Like most companies with shareholders to wow, Apple doesn’t enjoy failure and is quick to take action when something just isn’t working. To that end, the company took the failing iPhone mini out the back like Old Yeller after just two underperforming generations. Unfortunately, its replacement – the iPhone 14 Plus – is possibly even more of a disappointment than its diminutive predecessor.

Apple’s original reasoning was sound enough: iPhone Pro Max sales suggested there was a market for comically large handsets, so a cheaper way of getting that big screen seemed sensible. But given it cost NZ$550 more than the misfiring mini, Apple should perhaps have remembered that “the bigger they come, the harder they fall”.

Now Apple is pondering how to deal with the problem when the iPhone 15 rolls out. Just as the iPhone 12 mini received an encore that only a small number of diminutively-handed folks cheered, Apple is presumably too far along with its plans to cancel an iPhone 15 Plus and just has to make the best of a bad lot.

To that end, the Korean blog Naver reports that Apple is mulling a number of ways to make the upcoming iPhone 15 Plus more appealing. The company is apparently “seriously” concerned about just how badly the iPhone 14 Plus is doing, which is apparently well beyond even the most pessimistic estimates.

The first option to remedy this flies against some current predictions. It’s to reduce the differences between regular iPhone and Pro models, in order to push more people into buying the cheaper option. Dynamic Island is already apparently going to be in the regular iPhone 15, but that could also mean an improved screen or stronger cameras.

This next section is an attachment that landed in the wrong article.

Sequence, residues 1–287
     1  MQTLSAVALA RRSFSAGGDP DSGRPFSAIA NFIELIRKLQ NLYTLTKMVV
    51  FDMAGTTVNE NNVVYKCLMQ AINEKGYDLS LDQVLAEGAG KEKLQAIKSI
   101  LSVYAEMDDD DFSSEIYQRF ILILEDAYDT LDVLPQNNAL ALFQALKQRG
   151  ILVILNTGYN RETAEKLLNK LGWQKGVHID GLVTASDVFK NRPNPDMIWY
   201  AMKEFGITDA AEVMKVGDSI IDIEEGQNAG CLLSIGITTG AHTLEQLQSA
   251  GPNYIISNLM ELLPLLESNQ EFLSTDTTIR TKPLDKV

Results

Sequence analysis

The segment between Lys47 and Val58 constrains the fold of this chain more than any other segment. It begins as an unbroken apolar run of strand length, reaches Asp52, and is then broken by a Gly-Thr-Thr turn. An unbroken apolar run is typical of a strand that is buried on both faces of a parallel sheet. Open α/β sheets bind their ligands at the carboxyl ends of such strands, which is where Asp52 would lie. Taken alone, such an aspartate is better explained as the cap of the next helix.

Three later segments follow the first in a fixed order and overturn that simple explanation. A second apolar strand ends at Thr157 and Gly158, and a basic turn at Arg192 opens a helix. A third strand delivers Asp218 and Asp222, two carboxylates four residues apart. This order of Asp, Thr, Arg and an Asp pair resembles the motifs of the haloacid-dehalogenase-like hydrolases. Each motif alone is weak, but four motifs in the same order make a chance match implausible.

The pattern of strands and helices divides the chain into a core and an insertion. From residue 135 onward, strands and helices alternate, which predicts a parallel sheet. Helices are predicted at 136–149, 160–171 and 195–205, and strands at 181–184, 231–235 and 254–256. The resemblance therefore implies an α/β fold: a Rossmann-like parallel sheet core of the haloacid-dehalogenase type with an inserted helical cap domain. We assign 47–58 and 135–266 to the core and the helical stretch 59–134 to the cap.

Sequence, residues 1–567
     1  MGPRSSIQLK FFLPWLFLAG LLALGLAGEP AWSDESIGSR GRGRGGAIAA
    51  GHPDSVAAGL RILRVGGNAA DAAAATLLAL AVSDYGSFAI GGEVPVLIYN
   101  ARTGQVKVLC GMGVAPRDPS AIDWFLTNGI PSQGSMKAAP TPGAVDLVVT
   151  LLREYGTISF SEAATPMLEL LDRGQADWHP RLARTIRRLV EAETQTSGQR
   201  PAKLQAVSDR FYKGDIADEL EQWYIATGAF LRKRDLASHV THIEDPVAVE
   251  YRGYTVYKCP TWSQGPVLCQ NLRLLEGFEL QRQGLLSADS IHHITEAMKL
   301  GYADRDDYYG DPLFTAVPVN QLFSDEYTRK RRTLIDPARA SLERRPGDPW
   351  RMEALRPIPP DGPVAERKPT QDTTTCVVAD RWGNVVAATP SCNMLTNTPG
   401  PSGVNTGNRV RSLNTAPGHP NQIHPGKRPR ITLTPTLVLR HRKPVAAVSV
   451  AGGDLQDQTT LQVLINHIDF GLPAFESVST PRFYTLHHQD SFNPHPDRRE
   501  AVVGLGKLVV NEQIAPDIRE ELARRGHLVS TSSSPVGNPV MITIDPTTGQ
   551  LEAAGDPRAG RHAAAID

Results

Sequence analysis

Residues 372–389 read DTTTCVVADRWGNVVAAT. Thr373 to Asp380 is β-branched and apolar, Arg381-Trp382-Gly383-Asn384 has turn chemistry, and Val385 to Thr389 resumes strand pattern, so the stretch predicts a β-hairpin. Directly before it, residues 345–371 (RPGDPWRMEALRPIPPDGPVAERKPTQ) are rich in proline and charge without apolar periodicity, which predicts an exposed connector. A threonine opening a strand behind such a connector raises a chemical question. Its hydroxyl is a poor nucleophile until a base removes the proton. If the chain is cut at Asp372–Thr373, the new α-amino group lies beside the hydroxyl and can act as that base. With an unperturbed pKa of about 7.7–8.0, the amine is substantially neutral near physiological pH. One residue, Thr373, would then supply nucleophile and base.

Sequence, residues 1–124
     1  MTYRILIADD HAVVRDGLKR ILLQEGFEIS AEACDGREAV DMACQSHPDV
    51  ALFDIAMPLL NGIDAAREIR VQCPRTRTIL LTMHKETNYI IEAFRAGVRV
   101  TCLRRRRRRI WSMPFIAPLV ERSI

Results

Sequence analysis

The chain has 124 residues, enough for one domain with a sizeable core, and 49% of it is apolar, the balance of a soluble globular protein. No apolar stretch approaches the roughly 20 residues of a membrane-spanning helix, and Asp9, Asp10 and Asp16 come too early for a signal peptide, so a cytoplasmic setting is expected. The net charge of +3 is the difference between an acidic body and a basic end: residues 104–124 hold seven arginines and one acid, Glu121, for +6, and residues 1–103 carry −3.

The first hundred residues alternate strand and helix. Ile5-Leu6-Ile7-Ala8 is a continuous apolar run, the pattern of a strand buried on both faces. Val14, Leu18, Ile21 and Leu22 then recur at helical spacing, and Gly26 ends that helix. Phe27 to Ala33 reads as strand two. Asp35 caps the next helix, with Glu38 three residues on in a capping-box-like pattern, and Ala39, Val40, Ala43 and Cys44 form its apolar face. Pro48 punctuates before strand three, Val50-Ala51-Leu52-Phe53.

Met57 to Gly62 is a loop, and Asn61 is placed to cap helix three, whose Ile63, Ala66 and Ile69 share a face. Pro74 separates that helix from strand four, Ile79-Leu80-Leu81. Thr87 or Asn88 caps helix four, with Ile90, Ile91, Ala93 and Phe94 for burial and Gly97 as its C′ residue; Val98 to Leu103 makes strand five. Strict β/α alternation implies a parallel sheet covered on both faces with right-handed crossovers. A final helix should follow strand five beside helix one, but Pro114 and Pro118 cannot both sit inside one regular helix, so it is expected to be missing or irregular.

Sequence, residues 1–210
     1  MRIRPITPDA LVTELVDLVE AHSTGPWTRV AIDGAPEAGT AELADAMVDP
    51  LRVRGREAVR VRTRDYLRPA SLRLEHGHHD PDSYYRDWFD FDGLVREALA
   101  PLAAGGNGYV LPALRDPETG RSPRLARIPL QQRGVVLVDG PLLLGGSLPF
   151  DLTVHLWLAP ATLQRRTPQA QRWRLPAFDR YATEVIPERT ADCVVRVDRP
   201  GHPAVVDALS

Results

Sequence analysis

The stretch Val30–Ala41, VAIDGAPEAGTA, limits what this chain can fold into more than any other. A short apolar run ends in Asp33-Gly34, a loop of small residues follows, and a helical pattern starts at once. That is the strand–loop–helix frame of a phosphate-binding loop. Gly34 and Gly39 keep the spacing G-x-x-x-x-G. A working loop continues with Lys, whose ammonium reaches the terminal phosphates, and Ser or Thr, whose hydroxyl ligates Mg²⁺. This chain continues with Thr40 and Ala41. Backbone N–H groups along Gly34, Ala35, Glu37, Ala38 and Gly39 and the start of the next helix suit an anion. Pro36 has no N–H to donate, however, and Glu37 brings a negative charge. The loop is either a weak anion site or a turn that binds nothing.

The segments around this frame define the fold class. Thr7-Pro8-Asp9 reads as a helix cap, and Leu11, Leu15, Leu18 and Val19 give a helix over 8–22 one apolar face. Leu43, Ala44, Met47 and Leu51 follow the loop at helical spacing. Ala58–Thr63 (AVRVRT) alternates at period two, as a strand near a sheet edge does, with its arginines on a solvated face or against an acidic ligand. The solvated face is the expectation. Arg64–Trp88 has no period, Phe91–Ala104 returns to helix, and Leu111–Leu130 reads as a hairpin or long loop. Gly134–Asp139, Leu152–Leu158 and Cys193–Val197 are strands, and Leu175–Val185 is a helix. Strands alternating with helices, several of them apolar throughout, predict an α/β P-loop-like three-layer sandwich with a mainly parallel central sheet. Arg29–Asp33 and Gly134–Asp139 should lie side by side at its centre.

The second, meanwhile, is to do something very un-Apple: accept that consumers quite like cheaper electronics and slash the price of the Plus version. The trouble with that option is that it means the basic iPhone 15 will have to come down as well, as you can’t very well have a model with more screen and battery selling for less.

Finally, and on more familiar Apple territory, the company is apparently considering making the iPhone 15 Pro Max an even more high-end Ultra product. There’s nothing like adding a few hundred dollars to a price tag to make you take a second look at a cheaper version, after all.

Of course, there’s a school of thought that says the problem isn’t the mini or the Plus but that Apple simply has too many iPhones available, and they’re cannibalising each other. Steve Jobs was a big believer in simplifying product lines, and that may be the approach Apple ultimately ends up taking, if/when whatever form the iPhone 15 Plus reboot takes fails.